As we briefly discussed in the Quick Hits, John McCain knew who was to blame for a violent, sexually-confused psychopath buying an assault weapon and pledging vague and meaningless allegiance to a terrorist group.
Now, McCain went on to say that he hold’s the President’s policies responsible, not Obama himself. Ben Mathis-Lilley of Slate says that “In summary, John McCain is not going to be the Republican Party’s voice of reason on this one,” but in a way he sort of is. After all, unlike a lot of his colleagues, he isn’t whispering that Obama wanted this to happen (or, like the presumptive nominee, he isn’t shouting it). Unlike Ted Cruz, he isn’t saying that the FBI would have kept up their investigations on Mateen due to a series of incomprehensible and contradictory boasts and the fact that he went to Mecca, indefinitely, if only Obama said “radical Islamic terrorism” every once in a while.
The Cruz line is interesting, because, as Simon Maloy points out, the FBI is doing exactly what Ted Cruz says they should do: investigate anyone who might have any connection whatsoever to terrorism, even if it is specious at best. (Even though he, in theory, is against “Big Government”, and the tyranny of insurance regulations, these sorts of prolonged and rights-denying investigations are ok.) But for Cruz, the FBI would have somehow found something, found a non-existent connection, and arrested and stopped Mateen for a crime he hadn’t committed, for allegiances, even tenuous ones, he had yet to pledge, if only the magic words were uttered. It’s less the obvious anti-democratic and terrifying nonsense here, although that’s important, as it is the level of mental contortions that make even John McCain’s fabulisms look logical.
Obviously, Obama demolished this line of thinking, as he has before, but that doesn’t matter. The words “Radical Islam” have achieved totemic power on the right. Their incantation of it isn’t so much to stop ISIS, but to create a witch’s brew of allegations against Obama. It doesn’t matter that it doesn’t make any sense. In a political climate where certain phrases, like Keystone XL and (of course) Benghzai, take on a meaning far beyond their actual physical weight or strategic merit, the President’s refusal to say a phrase becomes all-encompassing. It becomes an article of faith.
This sort of faith-based fippery of the professional amnesiac is what is driving nearly all of Republican thinking, especially on foreign policy. They don’t even engage with Obama’s arguments for why he doesn’t say the phrase. There is even a case. Not on their terms, but it is possible to say “Oh, come on- explaining why you won’t say it is basically saying it. At this point, it doesn’t matter if you do or don’t. It’s not like ISIS is waiting for you to say ‘Radical Islam’ before they get really cocky.” But nope. There is no actual debate. They just get angrier and angrier at it, because it is a worldview, not a thought.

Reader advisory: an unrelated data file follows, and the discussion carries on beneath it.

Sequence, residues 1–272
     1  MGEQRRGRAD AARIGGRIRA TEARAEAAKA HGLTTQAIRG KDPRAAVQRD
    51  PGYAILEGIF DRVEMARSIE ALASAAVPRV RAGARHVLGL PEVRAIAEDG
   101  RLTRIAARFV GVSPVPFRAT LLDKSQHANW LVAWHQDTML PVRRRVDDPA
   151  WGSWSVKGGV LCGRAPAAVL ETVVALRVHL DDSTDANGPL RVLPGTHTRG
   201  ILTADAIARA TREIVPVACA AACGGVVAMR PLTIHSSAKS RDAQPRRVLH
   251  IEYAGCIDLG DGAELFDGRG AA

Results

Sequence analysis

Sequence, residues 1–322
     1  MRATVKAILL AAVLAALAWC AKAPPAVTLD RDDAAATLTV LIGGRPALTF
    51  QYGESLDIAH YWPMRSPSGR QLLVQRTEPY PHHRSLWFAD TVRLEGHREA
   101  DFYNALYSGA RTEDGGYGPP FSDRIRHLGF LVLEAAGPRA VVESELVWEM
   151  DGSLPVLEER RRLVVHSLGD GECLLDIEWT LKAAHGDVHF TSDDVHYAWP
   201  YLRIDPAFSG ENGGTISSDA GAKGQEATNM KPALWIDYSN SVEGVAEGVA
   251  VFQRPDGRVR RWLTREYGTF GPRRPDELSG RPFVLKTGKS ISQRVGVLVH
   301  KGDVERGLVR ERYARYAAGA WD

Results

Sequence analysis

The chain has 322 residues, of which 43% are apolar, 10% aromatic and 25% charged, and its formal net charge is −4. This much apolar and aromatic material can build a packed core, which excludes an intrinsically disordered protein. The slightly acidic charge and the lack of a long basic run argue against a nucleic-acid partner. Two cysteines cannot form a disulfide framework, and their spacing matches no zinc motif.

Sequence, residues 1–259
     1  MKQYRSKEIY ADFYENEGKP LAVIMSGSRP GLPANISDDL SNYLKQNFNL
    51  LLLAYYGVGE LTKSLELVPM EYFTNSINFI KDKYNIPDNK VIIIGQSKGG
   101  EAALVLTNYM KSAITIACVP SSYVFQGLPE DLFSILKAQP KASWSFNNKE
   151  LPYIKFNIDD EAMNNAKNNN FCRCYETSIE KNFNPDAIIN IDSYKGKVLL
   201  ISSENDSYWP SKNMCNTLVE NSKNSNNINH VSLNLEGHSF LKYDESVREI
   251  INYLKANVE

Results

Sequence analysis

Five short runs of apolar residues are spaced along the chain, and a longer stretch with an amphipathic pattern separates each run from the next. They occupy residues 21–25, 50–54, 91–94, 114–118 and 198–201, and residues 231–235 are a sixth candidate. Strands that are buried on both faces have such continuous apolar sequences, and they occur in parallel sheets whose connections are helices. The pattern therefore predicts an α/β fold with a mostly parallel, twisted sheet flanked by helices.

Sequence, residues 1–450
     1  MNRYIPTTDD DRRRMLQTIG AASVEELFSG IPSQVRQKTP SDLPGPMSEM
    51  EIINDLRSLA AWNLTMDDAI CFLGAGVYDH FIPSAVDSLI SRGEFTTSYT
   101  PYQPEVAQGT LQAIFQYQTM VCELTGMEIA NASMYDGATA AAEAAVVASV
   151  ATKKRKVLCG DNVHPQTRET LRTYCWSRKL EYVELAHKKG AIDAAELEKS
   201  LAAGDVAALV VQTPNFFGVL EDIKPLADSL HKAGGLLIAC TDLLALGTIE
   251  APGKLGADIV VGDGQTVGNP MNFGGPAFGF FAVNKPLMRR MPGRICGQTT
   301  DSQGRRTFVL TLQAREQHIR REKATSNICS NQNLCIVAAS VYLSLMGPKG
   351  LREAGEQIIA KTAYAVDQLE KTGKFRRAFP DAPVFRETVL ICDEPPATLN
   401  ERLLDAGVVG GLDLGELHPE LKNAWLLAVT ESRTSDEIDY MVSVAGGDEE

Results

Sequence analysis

This brings us to McCain. He’s running for office, as we said, so he has no interest in being even a semi-decent person, but it’s more interesting that he blames Obama, directly, for ISIS. On one level, that’s politics, of course- he’s not going to blame himself! But it’s also a matter of deeply internalized cognitive dissonance. The right has wholly swallowed up the idea that we were about to win in Iraq, because it was relatively peaceful, until we pulled out, and then ISIS formed. On a very surface level, that makes some sense. It did happen like that, chronologically.
But think about it more. That basically means that our “victory” was such that as soon as we left it all fell apart. Our great triumph was a “peace” held together only by limitless troops staying there from now until infinity. But that doesn’t matter. The myth has, contra Lord of the Rings, faded into history, and become reality. The present started in January of 2009.
The whole right-wing foreign policy mentality consists of this kind of magical thinking. When McCain says that Obama is responsible for Orlando, or when moderate New Jersey governor Chris Christie says that we have to hit them where they live, when they live here, they aren’t fringing out. They are in the dead-center of their mainstream, and, given the reality they have constructed, are acting perfectly reasonable.